Why Sad Faces Equal Happier Fundraising
We’ve all heard the old saying, “A picture is worth a thousand words.” Nonprofits routinely use pictures to communicate their messages to their constituents. Usually, the photos are selected to represent the people who will be helped by supporting the mission of the nonprofit.
A basic choice made by marketing departments is the decision to use happy faces or sad faces to influence constituents’ giving. Using pictures is a technique that psychologists call “priming.” Showing a picture “primes” the viewer to respond in a certain way later—in this case, to agree to donate money.
Which works best, happy faces or sad faces? It turns out there is research that supports both approaches.
Seeing people smile makes us feel happy, an effect that psychologists call “emotional contagion.” People who feel happy are more likely to respond more favorably to a fundraising appeal. According to an article in the Journal of Applied Social Psychology, donating allows people to maintain their happy mood.
Smiling faces also reflect the positive outcome of the donor’s involvement. It reinforces the idea that their support makes a difference in the life of someone served by the nonprofit.
Sad faces, on the other hand, are effective in communicating the severity of the need. The so-called “sick baby” appeal focuses attention on the importance of the issue. And emotional contagion works both ways. Just like seeing smiling faces makes us feel happier, seeing sad faces makes us feel sad. Research has demonstrated that sad faces can motivate people to donate in order to avoid unhappy feelings.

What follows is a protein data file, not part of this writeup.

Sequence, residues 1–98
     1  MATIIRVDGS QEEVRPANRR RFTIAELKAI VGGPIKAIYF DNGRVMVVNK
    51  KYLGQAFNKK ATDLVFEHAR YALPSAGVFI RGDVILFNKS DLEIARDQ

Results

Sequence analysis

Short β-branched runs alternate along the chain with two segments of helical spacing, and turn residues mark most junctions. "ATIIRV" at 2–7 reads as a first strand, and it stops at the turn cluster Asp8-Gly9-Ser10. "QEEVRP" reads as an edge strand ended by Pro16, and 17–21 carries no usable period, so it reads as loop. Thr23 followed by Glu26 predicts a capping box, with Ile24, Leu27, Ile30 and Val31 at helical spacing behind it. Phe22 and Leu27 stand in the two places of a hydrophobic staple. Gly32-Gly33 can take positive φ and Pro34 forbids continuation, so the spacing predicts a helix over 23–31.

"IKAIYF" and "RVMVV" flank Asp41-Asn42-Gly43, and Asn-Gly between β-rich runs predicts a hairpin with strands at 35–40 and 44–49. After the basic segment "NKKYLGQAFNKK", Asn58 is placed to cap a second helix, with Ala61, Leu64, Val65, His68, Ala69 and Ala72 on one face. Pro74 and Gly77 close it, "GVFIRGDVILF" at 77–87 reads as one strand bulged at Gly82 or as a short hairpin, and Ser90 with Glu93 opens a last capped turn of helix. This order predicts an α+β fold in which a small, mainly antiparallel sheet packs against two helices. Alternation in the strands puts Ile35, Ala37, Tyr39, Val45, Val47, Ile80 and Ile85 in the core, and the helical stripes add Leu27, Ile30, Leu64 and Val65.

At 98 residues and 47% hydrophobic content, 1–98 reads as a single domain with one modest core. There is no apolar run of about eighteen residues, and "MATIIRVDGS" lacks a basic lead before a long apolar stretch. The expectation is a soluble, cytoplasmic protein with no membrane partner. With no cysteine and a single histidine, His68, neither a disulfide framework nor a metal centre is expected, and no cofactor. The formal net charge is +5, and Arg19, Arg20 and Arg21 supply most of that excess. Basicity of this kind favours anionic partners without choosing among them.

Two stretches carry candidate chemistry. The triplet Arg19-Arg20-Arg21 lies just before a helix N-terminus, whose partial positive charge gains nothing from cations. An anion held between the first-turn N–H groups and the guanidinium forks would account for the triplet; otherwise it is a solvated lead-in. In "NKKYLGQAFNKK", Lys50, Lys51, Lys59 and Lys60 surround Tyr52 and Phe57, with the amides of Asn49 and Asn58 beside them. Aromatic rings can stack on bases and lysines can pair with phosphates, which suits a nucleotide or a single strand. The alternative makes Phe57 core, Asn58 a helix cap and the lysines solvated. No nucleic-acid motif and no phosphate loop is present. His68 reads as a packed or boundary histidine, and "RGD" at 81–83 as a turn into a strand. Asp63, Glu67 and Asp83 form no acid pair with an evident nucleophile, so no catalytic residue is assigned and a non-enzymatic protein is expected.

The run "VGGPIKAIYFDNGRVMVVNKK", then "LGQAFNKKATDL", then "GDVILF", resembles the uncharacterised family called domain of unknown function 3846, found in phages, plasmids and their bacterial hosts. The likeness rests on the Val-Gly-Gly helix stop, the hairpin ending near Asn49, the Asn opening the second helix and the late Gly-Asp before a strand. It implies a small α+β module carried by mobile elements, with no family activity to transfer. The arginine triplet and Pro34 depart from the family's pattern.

Happy or sad: which do you choose? Here’s where it gets interesting. It turns out that the effectiveness of showing happy or sad faces depends on the person who is doing the looking. What makes a difference is the person’s level of “involvement” with nonprofits, whether or not they volunteer, raise funds, etc.
A pattern was seen in a study of messaging to solicit donations for St. Jude Children’s Research Hospital. Prospective donors were shown either a face of a happy or sad child with the words, “Small change, big difference. You can help fight childhood cancer.”
Researchers measured the prospects’ level of nonprofit involvement and their willingness to support St. Jude’s. Prospects who reported high levels of involvement with nonprofits were more likely to pledge funds to St. Jude’s after seeing happy faces. People less involved with nonprofits were significantly more likely to pledge funds after seeing sad faces.
For people who are involved with the nonprofit, sad faces may remind them of the difficult challenges in accomplishing the mission and discourage them from donating. With the “involved” audience, happy faces are more likely to affirm their participation and motivate them to continue their support.
In contrast, individuals who aren’t involved in the nonprofit are more likely to be drawn in by the urgency of the mission represented by sad faces. They are motivated to donate to relieve their sense of sadness.
Our takeaway? A couple of things: First, money spent on automated marketing tools is a good investment. Without the ability to segment your audience into people who are involved with your nonprofit and those who are not, this kind of marketing savvy is worthless.